Fall planting for spring flowers need not be restricted to bulb planting. Most herbaceous perennials, even the fall flowering ones that traditionally go into the ground in spring, are happier when they get a head start over spring planting. Under a layer of mulch their roots continue to grow and establish themselves while their crowns get some rest before the warm weather prods them into putting out new growth.
So plant some perennials before you hang up your garden gloves and spades.
Here are a few must-haves for every garden:
Butterfly weed (Asclepias tuberosa) Zones 3-9
These beauties grow about 2 feet tall with multiple branches, each one invariably holding out a dense tuft of bright orange flowers in summer. Aptly called butterfly weed, now is the time to welcome this native plant into your garden when the declining population of monarch butterflies is a becoming a worry. Not only butterflies, honeybees and hummingbirds too are attracted by the sweet nectar.
You can get different cultivars from nurseries that stock native plants or get them by mail-order. Plant them in a sunny position; they are not fussy about the soil. If you are growing Asclepias from seeds, sow them in fall and you’ll have baby plants emerging in spring.
Chives (Allium schoenoprasum) Zones 3-10
Chives grow in low grass-like clumps, throwing up delightful little globes of pink and lavender. They can do much more than add color to your garden though, attracting bees in droves, while keeping harmful insects away. They provide an endless supply of flavorful leaves and pretty flowers for your bowl of soup too.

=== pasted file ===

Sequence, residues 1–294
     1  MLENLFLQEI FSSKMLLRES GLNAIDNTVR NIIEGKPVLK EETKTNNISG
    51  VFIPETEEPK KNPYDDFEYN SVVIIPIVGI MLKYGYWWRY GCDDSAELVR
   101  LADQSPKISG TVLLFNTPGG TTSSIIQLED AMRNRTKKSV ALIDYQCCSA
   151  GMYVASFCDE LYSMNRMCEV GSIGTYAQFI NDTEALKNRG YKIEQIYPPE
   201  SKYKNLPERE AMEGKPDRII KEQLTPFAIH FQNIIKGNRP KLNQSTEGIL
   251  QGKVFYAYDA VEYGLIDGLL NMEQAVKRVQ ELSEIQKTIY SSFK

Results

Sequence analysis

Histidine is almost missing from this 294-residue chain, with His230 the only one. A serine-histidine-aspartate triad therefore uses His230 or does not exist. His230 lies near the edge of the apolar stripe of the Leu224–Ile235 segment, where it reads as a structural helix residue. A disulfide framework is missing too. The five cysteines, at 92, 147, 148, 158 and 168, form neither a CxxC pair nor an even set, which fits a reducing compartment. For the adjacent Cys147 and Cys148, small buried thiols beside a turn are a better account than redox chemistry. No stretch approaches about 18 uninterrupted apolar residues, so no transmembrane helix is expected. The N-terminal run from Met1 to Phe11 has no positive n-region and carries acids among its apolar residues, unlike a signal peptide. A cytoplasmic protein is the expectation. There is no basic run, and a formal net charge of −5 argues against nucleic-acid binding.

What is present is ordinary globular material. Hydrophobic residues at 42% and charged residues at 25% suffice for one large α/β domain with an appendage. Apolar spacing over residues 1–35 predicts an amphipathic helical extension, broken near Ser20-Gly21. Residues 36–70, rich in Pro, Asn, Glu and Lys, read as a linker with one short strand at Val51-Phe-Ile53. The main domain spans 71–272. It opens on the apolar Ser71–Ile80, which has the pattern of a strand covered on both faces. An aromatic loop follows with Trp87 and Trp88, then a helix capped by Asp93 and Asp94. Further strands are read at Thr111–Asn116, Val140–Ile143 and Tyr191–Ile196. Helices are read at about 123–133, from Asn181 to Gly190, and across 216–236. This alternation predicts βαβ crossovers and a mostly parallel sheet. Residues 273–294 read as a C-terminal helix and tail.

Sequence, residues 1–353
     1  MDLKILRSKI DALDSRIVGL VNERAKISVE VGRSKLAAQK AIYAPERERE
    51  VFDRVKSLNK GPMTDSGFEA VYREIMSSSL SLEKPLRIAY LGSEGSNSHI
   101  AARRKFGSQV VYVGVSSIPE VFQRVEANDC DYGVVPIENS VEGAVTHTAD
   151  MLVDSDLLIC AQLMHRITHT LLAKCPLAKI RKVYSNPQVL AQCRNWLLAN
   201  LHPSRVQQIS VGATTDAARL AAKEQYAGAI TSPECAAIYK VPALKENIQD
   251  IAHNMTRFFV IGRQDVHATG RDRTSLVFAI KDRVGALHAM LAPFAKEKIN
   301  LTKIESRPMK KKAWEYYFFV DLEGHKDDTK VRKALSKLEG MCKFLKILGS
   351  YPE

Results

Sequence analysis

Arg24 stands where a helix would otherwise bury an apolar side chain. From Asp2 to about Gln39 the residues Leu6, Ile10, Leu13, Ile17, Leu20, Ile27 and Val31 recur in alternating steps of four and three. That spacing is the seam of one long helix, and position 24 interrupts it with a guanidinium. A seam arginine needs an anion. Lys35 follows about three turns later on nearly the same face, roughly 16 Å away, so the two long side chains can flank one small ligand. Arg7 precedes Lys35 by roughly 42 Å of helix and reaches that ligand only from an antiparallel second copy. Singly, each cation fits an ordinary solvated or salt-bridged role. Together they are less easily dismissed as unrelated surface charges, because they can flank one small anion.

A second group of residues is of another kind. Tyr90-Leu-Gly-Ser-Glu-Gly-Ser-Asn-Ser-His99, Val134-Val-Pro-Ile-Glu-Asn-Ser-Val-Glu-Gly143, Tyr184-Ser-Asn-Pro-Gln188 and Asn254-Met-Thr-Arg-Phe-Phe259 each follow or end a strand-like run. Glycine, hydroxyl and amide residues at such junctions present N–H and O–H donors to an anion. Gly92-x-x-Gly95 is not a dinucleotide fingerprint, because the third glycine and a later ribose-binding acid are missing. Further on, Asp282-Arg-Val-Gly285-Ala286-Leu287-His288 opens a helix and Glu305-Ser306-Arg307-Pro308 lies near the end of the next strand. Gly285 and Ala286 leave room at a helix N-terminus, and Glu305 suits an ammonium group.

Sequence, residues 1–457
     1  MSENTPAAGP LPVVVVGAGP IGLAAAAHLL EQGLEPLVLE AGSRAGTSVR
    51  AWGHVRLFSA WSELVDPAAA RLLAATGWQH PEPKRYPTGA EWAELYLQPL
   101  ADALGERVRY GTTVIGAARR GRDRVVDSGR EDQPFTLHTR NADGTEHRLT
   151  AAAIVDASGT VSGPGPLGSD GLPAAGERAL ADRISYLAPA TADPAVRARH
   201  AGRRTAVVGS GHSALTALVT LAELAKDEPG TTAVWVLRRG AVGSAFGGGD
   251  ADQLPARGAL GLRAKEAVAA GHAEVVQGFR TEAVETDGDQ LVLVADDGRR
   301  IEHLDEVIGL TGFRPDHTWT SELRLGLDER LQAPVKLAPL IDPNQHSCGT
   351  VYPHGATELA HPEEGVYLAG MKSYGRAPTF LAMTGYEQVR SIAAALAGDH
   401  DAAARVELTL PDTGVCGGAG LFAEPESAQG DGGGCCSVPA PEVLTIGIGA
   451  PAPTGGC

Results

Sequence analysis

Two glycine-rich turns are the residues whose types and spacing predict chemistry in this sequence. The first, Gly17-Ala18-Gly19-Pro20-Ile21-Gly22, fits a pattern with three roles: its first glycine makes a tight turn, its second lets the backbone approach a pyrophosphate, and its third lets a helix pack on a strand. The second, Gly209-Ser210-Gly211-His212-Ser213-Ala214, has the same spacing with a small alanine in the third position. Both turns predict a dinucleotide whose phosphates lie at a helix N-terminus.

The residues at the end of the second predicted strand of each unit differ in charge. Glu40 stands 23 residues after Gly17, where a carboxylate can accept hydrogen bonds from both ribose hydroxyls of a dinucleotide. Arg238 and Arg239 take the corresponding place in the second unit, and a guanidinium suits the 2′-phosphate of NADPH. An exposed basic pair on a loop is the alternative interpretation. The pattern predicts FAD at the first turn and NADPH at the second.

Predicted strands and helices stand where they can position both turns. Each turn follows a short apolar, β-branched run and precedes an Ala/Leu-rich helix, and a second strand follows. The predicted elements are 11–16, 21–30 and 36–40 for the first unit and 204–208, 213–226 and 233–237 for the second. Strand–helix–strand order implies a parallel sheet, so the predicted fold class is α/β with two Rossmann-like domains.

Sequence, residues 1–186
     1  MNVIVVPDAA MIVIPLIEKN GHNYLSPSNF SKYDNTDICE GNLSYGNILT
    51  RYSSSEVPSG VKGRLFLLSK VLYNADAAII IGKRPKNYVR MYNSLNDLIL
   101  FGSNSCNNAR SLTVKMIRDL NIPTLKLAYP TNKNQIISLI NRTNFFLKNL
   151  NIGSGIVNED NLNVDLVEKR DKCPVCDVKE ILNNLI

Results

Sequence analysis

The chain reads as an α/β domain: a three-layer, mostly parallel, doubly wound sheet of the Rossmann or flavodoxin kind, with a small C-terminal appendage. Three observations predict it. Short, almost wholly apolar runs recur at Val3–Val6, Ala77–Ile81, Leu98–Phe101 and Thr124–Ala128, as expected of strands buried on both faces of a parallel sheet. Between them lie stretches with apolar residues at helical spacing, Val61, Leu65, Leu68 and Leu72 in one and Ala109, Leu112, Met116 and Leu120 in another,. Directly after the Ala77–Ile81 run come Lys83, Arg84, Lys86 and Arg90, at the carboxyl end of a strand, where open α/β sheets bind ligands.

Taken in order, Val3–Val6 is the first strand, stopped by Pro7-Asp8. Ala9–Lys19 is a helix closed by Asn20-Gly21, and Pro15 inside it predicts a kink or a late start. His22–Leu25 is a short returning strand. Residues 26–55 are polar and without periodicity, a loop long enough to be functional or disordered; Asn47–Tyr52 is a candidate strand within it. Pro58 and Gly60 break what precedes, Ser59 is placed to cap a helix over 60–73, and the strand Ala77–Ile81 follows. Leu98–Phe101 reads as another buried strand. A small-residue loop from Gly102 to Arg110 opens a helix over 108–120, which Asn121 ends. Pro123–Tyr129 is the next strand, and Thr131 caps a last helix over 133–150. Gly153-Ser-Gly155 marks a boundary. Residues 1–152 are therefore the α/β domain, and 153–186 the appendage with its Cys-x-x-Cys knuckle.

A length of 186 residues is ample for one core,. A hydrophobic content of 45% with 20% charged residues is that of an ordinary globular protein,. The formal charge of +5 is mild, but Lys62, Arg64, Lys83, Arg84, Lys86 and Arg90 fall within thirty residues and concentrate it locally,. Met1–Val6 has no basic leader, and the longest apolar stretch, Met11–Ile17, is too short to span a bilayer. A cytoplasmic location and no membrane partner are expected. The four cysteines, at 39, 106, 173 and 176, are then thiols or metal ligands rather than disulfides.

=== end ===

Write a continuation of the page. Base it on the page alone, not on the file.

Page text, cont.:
When you buy chives for planting in your fall garden, a small clump will go a long way. Divide the clump into several sections, each with not less than three bulbs. You can plant the clumps in soil with added organic matter. A staggered planting of chives will sprinkle color here and there in the garden, while a row of them will make a neat and protective border to your flower beds.
Strawberries (Fragaria × ananassa) Zones 3-10
The focus is on edible garden plants now more than ever. A strawberry patch should find a place in even the tiniest of gardens. If you don’t think you can use up all the berries of summer-bearing varieties that give a single large crop, go for the ever-bearing type that staggers the yield from late spring to late fall.
In zones 7 and above, fall is the time to plant strawberries. In zones 3-6 the small pups go into the ground in spring itself, but established plants can be planted in the fall. So if you’ve missed out on spring planting, get grown plants now.
Strawberries like slightly acidic soil with good drainage. Select a sunny spot and plant them on a raised bed, 1 ½-feet apart, with their crowns just above the soil.
Hydrangea (Hydrangea macropetala) Zones 5-9
Fall is the ideal time to plant these large bushy plants with stunning flower heads. With their naturally manicured habit, the mop head hydrangeas put up a continuous flower show from mid-summer until late fall. The flower heads are keepers too; they stay fresh as cut flowers and also look great in dried flower arrangements.
Plant the hydrangea in partial shade, and in well-draining soil, in such a way that the crown is just above the soil. They love moist soil but need good drainage too.
Peonies (Paeonia suffructicosa) Zones 3-8
Peonies are old favorites that deserve to be reinstated into our gardens. The beautiful, lush foliage offers a beautiful backdrop to the delicate blooms that have inspired many an artist. You can leave these long-lived perennials as your footprints on earth when you move on, so give them a good place in your garden.
Though peonies love lots of sun, they will manage in partial shade too. Set them 2 inches deep into rich soil with a bit of bone meal for long-term sustenance. Once settled, they don’t demand much care, but they hate being disturbed.